The U2 reissue program continues with 1991’s Achtung Baby, just in time for its 20th anniversary. I think the best reason for reissues is that it gives the listener a chance to re-evaluate an album, put it in some kind of context and basically see if it stands up after time or has simply become an artefact of when it was originally released.
For me, Achtung Baby is prime for re-evaluation. When it was originally released in 1991 it seemed, at least to me, to have been somewhat obscured musically by up-and-comers like Nirvana, Pearl Jam and Nine Inch Nails. Despite the fact that U2’s previous studio album, 1987’s The Joshua Tree, was the band’s most successful to date, both commercially and (arguably) artistically, four years was a long time and U2 seemed to come from a previous musical age in 1991.
Also, despite the fact that Achtung Baby spawned several big hits (Mysterious Ways, One, Even Better Than The Real Thing) the music seemed to get overshadowed by the hype surrounding the Zoo TV tour and Bono’s alter-ego as “The Fly”.
So now, listening to Achtung Baby, without those distractions, I must say that it is a very impressive piece of work. The hits still sound good, but it’s tracks like So Cruel, Ultra Violet and Acrobat that make Achtung Baby a candidate for “best U2 album ever”.
Musically, the band was trying to get away from their hallmark sound, which was solidified on The Joshua Tree. Opening track, Zoo Station begins with a blast of distorted guitar and an equally distorted vocal from Bono. The track acts as a palate-cleanser, opening the listener’s mind to what they are about to hear and (hopefully) getting them to set aside their preconceptions as to what U2 should sound like. It works. Zoo Station is, for lack of a better term, “edgier” than one would expect from the band, featuring industrial strength electronica and urgent percussion.
What follows is some of the most exciting and passionate music this band has made. The group and its producers (Eno, Daniel Lanois, Steve Lillywhite) put together a fantastic potpourri of swirling electronic textures, inventive guitar licks and dynamic percussion. The album features some of Adam Clayton’s most dynamic bass lines…listen to the remastered version of Mysterious Ways or Until The End Of The World…and Bono’s lyrics have never been more emotive.
The album isn’t perfect. Who’s Gonna Ride Your Wild Horses sounds a bit over-produced, as does Love Is Blindness and Bono’s lyrics in Tryin’ To Throw Your Arms Around The World feature a few too many clichés.
The newly-remastered sound, overseen by The Edge, is excellent. Tracks like The Fly and One really open up sonically, especially on the bottom end.
The deluxe edition comes with a second disc of B-sides and bonus tracks. It is front-loaded with most of the good stuff in and among the first 5 or 6 tracks out of 14. Lady With the Spinning Head, Blow Your House Down and Salome all are strong enough songs that they could have easily fit on the original album and enhanced it. There are three cover versions…Satellite Of Love (Lou Reed), Paint It Black (Rolling Stones) and Fortunate Son (Creedence Clearwater Revival). None of them add much to the originals and U2’s version of Fortunate Son is truly awful…possibly the worst thing that they’ve done. The bonus disc finishes with Where Did It All Go Wrong?, another fine original that was sent to musical purgatory as a B-side.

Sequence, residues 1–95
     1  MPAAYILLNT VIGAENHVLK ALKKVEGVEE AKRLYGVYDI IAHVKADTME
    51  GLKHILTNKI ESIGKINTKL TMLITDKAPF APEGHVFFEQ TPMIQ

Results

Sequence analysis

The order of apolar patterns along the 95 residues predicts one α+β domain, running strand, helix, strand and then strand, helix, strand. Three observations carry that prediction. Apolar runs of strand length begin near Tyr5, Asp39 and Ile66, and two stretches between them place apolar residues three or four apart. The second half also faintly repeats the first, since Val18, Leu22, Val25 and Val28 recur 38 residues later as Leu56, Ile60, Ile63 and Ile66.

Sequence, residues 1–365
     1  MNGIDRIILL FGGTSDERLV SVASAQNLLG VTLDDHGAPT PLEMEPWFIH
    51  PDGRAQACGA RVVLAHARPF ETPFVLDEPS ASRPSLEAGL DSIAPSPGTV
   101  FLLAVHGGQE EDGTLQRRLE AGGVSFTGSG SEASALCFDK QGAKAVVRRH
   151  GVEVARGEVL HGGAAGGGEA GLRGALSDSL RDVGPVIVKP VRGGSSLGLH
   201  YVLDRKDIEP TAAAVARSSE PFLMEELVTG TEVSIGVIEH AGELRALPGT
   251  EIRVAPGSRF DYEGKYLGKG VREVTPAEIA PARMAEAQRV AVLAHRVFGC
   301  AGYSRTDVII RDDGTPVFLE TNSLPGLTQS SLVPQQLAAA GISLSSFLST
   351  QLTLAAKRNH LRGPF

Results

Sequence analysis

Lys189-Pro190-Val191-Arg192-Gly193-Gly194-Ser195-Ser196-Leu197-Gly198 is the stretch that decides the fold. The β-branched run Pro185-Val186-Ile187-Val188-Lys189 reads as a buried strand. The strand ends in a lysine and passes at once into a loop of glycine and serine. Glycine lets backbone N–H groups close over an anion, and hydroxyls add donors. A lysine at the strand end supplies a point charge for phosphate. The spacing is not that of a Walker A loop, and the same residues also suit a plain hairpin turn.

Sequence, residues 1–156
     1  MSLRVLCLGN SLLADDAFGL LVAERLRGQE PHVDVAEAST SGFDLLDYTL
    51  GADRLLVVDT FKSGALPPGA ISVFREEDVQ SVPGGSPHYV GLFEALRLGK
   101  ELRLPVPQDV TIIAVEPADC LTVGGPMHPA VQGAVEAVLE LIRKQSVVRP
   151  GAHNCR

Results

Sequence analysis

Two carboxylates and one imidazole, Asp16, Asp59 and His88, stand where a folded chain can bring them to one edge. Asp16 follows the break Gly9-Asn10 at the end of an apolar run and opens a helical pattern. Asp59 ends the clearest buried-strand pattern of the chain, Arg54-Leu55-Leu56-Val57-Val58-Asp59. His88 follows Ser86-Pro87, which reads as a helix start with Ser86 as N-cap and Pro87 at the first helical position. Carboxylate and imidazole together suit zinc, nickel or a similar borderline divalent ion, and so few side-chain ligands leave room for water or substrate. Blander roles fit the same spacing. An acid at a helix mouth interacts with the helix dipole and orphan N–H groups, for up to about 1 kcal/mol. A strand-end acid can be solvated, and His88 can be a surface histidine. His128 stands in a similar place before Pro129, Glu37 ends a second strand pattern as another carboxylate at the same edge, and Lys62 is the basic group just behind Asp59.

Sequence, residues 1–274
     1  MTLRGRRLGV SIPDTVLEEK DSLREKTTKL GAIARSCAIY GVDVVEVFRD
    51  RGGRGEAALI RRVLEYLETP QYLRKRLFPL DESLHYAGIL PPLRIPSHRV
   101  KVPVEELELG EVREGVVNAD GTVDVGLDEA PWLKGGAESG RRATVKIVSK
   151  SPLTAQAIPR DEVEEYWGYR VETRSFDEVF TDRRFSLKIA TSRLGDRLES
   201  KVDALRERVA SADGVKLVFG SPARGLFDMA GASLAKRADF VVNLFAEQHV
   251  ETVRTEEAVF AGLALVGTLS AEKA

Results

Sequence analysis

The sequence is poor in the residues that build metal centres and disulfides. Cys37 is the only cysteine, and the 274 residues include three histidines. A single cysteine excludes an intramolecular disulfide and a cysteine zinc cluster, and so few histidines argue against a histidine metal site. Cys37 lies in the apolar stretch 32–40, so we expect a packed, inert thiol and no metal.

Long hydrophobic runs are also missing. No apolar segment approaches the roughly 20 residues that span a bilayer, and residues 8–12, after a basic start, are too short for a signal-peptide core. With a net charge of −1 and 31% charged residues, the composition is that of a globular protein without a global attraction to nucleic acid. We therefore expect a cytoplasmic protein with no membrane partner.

Hard core fans can spend as much money as they can scrape together for the even-more expanded versions of Achtung Baby. There are 5 in all with various amounts of CDs and DVDs, including live shows from the era, the Zooropa CD, music videos, etc.
One thing that is also available separately is the new documentary, From The Sky On Down. The film is about the making of Achtung Baby, and, if you’re a fan, you’ll want to check it out. Casual listeners of U2 may be put off by the hyperbole that comes with anything that features Bono speaking on camera, but once you get past that, there is a lot to admire here. I particularly enjoyed the segment where they show exactly how the creative process too place in the studio, resulting in the “birth” of the song One, as it was lifted from an evolving version of Mysterious Ways.
And that’s not all…
Q Magazine includes a CD called “Ahk-Toong-Bay-Bi Covered” with its latest issue. This is a step up from the usual freebies that come with magazines. Q has commissioned folks like Nine Inch Nails, Patti Smith, The Killers and Depeche Mode to record their own versions of songs from Achtung Baby. The result rivals the original.
We get Nine Inch Nails performing a surprisingly melodic and quite sinister version of Zoo Station. Patti Smith takes on Until The End Of The World, accompanied by acoustic guitar, stand-up bass and drums. When Garbage follows Patti with Who’s Gonna Ride Your Wild Horses, it’s obvious where Shirley Mansion got some of her influences from. Snow Patrol turns in a rather restrained version of Mysterious Ways and the Killers pull out all the stops on Ultra Violet, sounding very much like U2 being led by Brandon Flowers. Jack White closes the set with a wild, unhinged version of Love Is Blindness.
Well, that’s enough Achtung Baby material for now. I’ve come away with a new respect for the album. It’ll be interesting to see what, if anything U2 does next. Rumour has it they are working with Dangermouse…
Click here to listen to Blow Your House Down from Achtung Baby Bonus Disc:
Click here to listen to Patti Smith’s version of Until The End Of The World: